The Democratic National Convention is resurrecting the Affordable Care Act as the centerpiece of the party’s healthcare policies.

One speech featured healthcare activist and cancer survivor Laura Packard, who credits the ACA and its rules on preexisting conditions for her survival.

Yet there are other stories that should be told, stories about the families that “Obamacare” failed. These should come as no shock to the Democrats. Nearly all of their presidential primary candidates also viewed the ACA as insufficient, advocating some form of “Medicare for all.”

One of us has such a story — Mark Jay and his wife, Erika. At 39, Erika was diagnosed with a rare stage 3 sarcoma in 2016, a type of tumor in the small intestine. In addition to surgery, this type of cancer requires an indefinite daily oral chemo treatment. Last August, the sarcoma came back. In addition to the daily chemo fight, Erika has endured seven major surgeries, countless PET scans and MRIs, regular lab work, and many other procedures.

Many families know this struggle all too well, but the Jay family was also feeling the financial pressure placed on them by insurance costs, even with the ACA rules in place.

Over the last five years, Mark and his family have seen their health insurance premiums increase 282%, and the maximum out-of-pocket health expenses have soared 415%. These increases do not even account for money spent on the prescription drugs Erika needed, drugs that health insurance companies dropped because they no longer fit into their formulary. The drugs had been covered in previous years and even continued to be covered under Medicare.

In other words, the ACA’s promise to protect families with preexisting conditions proved hollow — and not just for the Jay family. Despite pledges from Barack Obama and the Democrats, they were not shielded from exorbitant hospital bills, runaway prescription prices, or financial ruin.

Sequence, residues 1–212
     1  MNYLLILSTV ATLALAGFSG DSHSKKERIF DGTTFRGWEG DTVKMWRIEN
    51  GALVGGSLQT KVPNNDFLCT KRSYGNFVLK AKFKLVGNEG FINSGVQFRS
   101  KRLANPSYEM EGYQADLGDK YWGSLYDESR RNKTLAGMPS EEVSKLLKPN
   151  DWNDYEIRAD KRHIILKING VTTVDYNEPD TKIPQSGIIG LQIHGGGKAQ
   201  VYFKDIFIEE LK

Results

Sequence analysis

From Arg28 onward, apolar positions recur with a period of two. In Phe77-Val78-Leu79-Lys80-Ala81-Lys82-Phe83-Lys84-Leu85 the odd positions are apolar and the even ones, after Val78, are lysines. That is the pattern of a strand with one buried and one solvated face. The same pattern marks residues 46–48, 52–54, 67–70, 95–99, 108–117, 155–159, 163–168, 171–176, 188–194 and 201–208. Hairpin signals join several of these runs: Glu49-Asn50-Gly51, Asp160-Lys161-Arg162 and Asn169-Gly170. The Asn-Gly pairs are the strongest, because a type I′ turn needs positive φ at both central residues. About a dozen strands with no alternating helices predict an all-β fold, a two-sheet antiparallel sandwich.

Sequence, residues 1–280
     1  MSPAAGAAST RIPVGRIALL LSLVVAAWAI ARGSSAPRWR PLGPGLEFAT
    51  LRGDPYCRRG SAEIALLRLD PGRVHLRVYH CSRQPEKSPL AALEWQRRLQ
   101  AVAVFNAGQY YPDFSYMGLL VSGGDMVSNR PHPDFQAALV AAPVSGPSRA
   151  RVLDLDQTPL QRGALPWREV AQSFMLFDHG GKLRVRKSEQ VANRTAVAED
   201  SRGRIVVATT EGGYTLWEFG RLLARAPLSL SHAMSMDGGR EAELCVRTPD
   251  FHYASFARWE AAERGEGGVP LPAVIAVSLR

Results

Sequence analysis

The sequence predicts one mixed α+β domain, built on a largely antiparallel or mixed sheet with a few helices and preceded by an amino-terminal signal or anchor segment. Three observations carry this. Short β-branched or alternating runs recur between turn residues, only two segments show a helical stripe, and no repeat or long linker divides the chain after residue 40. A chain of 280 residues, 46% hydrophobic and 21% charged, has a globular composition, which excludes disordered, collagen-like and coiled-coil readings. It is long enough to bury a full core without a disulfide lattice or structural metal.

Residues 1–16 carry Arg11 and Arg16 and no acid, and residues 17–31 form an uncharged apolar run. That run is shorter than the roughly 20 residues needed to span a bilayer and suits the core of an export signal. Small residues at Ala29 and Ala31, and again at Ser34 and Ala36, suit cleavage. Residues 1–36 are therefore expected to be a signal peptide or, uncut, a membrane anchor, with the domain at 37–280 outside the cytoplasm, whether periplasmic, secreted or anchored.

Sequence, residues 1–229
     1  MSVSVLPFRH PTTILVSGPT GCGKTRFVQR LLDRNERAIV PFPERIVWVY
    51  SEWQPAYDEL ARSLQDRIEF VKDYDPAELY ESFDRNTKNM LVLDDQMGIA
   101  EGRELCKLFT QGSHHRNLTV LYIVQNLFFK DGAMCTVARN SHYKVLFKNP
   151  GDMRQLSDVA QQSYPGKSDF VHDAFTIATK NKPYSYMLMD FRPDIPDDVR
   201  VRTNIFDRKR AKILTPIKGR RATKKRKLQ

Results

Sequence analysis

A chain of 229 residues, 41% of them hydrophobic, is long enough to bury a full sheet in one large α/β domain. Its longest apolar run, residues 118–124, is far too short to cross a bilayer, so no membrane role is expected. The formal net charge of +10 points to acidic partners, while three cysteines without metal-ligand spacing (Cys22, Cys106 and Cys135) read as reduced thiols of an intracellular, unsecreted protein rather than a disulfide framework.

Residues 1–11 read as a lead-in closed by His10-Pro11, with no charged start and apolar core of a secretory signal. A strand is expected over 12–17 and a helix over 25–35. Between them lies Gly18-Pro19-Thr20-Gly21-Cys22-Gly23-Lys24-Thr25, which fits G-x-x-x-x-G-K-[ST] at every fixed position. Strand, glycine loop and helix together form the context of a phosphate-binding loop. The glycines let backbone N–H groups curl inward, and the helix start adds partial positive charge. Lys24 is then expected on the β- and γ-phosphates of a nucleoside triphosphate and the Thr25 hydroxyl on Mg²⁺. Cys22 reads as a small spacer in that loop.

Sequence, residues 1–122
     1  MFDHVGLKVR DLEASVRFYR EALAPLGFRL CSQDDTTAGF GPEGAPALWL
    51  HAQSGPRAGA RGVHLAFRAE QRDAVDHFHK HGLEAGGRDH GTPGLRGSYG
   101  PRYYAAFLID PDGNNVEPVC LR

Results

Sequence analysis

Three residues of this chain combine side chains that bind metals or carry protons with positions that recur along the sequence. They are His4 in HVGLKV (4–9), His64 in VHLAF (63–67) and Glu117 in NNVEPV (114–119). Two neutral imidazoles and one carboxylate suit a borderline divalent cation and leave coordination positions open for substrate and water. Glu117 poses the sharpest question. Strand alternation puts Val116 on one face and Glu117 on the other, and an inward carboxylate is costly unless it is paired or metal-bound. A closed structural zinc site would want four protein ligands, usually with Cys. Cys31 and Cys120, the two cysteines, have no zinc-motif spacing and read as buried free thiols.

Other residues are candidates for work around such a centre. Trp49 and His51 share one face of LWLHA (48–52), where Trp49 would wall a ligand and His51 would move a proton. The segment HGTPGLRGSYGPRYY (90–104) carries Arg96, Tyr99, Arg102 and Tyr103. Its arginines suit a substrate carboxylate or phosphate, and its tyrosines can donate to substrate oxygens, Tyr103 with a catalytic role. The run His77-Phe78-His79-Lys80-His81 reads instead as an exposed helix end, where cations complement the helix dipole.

Eventually, Mark and Erika were forced to sell their home. As the cost of health insurance again increased for 2020 and the number of quality individual plans available again decreased, the Jays had to move to a state with a cheaper cost of living in an effort to get back on their feet financially.

Their story isn’t unique, and it lays bare the broken promise that “Obamacare” would protect patients with preexisting conditions. While it’s true the Jays did not lose their insurance, they still faced the choice of losing care or financial ruin. Studies show the ACA did not decrease bankruptcies related to medical bills, nor did it result in better health outcomes as measured in mortality rates among the nonelderly.

The battle for the Jay family has been overwhelming. The Jay kids, ages 13 and 14, have been hit not only with the weight of their mom fighting cancer but also with the devastation of having to leave their home and their community because of insurmountable medical expenses. For the Jay family, the ACA has resulted in unaffordable healthcare.

There are several solutions to fix what “Obamacare” has broken. Policies that aim to put patients and doctors in charge of healthcare decisions instead of the government or the insurance companies would bring down costs, increase access to care, and restore faith in our system.

For example, it should be mandatory for medical providers to give patients the price for nonemergency procedures and treatments before performing them. It would put an end to the disgraceful practice of surprise billing and allow patients to shop for services that fit their budget.

We should also expand how people can use their health savings account dollars and encourage patients to take preventative care, which lowers overall healthcare costs. And we should remove barriers to options like telemedicine, which has become critical to maintaining patient health during the COVID-19 pandemic.

Remember the Jay family’s story as the Democrats double down on the ACA. Its broken promises affect real families like Mark’s, mine, and yours.